Harvard has received quite a battering in recent months.
After the student cheating scandal (and the accompanying investigation scandal), we’ve witnessed the Reinhart-Rogoff error-ridden scandal followed by the Ferguson gay-bashing scandal.
Now, we have the scandal of Jason Richwine’s doctoral dissertation.
All of these scandals involve the production and dissemination of knowledge, and what fascinates me (and a friend with whom I’ve been discussing these issues) is the wide array of arguments that are offered in order to preserve the idea that what happens at Harvard is in fact (to use Louis Althusser’s term) a “knowledge-effect.”*
Consider Zack Beauchamp’s investigation of l’affaire Richwine.
First, of course, Richwine’s dissertation on the genetic intellectual inferiority of immigrants from Latin America must have been legitimate knowledge-work because it was done through the Kennedy School at Harvard and we know that’s a “very serious” place, that has produced “outstanding scholars,” with “kind,” knowledgeable professors (like George Borjas, Richard Zeckhauser, and Christopher “Sandy” Jencks) who, of course, are engaged in their own first-rate knowledge-work.
Second, Richwine successfully went through the “normal” steps for achieving a doctoral degree: courses, comps, prospectus defense, dissertation research, and a dissertation defense. And we all know that each of those steps guarantees that knowledge-work is being done and that, in the end, new knowledge has been created.
Third, Richwine used high-quality (for economists, that is) statistical methods, which are considered impeccable, and therefore the work is unassailable in terms of its economic model. It certainly looks like knowledge, because it is produced by a knowledge-producing machine we call statistics and the econometrician says the work was carefully done and that, in itself, suggests the integrity and validity of the work. And, of course, the statistical techniques and economic model are somehow considered independent of the “other stuff”—the race and IQ connections—such that they stand on their own as criteria of knowledge-production.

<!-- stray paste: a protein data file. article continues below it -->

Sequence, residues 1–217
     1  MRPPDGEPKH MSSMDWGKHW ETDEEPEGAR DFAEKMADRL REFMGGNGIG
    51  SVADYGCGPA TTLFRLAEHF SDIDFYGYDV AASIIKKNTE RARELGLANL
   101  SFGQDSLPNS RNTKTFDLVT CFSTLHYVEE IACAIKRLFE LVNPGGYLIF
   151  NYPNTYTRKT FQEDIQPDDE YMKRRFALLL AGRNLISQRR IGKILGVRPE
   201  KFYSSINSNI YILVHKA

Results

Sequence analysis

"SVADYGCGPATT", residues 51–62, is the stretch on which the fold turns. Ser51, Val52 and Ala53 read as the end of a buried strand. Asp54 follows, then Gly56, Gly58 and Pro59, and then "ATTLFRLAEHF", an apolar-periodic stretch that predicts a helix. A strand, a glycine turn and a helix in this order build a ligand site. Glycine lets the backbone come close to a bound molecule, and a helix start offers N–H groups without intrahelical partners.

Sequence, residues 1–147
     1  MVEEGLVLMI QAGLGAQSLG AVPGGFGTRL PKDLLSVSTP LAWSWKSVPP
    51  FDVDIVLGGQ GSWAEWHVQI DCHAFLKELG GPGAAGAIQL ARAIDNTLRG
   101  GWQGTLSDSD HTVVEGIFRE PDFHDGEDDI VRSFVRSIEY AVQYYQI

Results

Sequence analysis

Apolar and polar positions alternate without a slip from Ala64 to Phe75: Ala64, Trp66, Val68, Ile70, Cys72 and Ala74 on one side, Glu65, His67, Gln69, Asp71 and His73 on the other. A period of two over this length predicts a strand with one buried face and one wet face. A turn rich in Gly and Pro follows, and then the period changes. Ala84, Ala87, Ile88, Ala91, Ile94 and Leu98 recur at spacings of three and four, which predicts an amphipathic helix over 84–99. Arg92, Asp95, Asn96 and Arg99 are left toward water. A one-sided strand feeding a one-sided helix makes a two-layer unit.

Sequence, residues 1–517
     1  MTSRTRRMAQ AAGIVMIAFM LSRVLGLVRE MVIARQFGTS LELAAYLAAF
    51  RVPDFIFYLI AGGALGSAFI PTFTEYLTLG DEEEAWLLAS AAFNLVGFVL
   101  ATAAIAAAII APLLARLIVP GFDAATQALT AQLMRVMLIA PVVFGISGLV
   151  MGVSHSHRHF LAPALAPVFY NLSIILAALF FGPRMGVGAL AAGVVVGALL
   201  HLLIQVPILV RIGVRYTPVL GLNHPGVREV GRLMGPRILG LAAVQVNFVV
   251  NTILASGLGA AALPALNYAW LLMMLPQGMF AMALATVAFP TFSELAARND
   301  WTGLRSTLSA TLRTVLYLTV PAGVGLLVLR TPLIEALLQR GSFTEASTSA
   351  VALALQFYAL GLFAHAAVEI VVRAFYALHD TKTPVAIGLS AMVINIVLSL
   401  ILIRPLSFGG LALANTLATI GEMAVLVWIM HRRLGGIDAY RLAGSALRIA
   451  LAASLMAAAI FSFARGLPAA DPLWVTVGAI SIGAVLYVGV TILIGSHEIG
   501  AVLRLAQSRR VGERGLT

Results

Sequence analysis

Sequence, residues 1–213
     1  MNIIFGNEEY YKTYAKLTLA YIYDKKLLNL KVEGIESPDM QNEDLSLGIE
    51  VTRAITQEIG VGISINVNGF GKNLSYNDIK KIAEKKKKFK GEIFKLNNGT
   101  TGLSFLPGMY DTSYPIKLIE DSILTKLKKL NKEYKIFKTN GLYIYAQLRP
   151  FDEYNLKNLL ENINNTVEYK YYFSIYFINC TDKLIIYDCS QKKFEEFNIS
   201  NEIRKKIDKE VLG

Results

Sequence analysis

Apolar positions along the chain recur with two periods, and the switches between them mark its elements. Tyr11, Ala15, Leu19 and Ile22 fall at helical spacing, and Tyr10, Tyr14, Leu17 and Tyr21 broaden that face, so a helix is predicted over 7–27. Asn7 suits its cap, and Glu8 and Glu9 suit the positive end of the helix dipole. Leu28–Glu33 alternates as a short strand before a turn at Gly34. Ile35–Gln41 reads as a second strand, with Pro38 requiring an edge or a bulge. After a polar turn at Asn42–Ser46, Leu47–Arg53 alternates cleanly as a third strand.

So, there we have it, all the pieces that make Richwine’s dissertation resemble of piece of knowledge, to display the appropriate knowledge-effect.
And yet. Richwine is now the Heritage Foundation’s former Senior Policy Analyst in Empirical Studies, because it was politically inconvenient to leave him in his post. But Richwine still has his Ph.D. from Harvard.
While the rest of us are left wondering what it is that constitutes the knowledge-effect that serves as the basis of much contemporary work in the social sciences—which, in the name of “good science,” metes out its rewards and punishments to thousands of scholars whose work is measured according to the scholarly standards set by the Harvards of the world; and which determines the fate of millions of Americans through the public policies suggested by the “best and brightest” whose work is taken as knowledge by think tanks and legislators in Washington.
*The knowledge-effect, for those not familiar with the term, was Althusser’s way (e.g., in Reading Capital) of making sense of what Marx called the “mode of appropriation of the world peculiar to knowledge.” Althusser begins with the important distinction between the real-concrete (the real object) and the thought-concrete (the object of knowledge), which is the basis of his critique of all forms of empiricism. He then argues that the criteria for producing knowledge—the knowledge-effect—are internal to the practices of each particular scientific discourse. In this manner, Althusser shifted the terms of discussion, clearly indebted to Foucault’s focus on “epistemes,” from the presumption of an original ground of knowledge (related in one way or another to some real object) to the contemporary mechanisms within specific knowledge practices whereby knowledges are produced and recognized as so many knowledge-effects.